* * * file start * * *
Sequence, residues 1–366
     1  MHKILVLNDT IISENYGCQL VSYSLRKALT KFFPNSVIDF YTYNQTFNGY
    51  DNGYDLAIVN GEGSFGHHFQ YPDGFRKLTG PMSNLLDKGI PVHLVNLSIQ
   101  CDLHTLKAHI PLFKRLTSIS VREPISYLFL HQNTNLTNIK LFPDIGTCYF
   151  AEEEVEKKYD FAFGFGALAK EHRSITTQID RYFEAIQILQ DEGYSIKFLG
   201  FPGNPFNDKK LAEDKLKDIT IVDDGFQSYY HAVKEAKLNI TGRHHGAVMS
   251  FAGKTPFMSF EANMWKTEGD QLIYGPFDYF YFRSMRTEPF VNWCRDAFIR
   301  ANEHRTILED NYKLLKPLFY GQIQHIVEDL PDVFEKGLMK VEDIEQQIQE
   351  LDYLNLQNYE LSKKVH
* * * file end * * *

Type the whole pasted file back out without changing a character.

Sequence, residues 1–366
     1  MHKILVLNDT IISENYGCQL VSYSLRKALT KFFPNSVIDF YTYNQTFNGY
    51  DNGYDLAIVN GEGSFGHHFQ YPDGFRKLTG PMSNLLDKGI PVHLVNLSIQ
   101  CDLHTLKAHI PLFKRLTSIS VREPISYLFL HQNTNLTNIK LFPDIGTCYF
   151  AEEEVEKKYD FAFGFGALAK EHRSITTQID RYFEAIQILQ DEGYSIKFLG
   201  FPGNPFNDKK LAEDKLKDIT IVDDGFQSYY HAVKEAKLNI TGRHHGAVMS
   251  FAGKTPFMSF EANMWKTEGD QLIYGPFDYF YFRSMRTEPF VNWCRDAFIR
   301  ANEHRTILED NYKLLKPLFY GQIQHIVEDL PDVFEKGLMK VEDIEQQIQE
   351  LDYLNLQNYE LSKKVH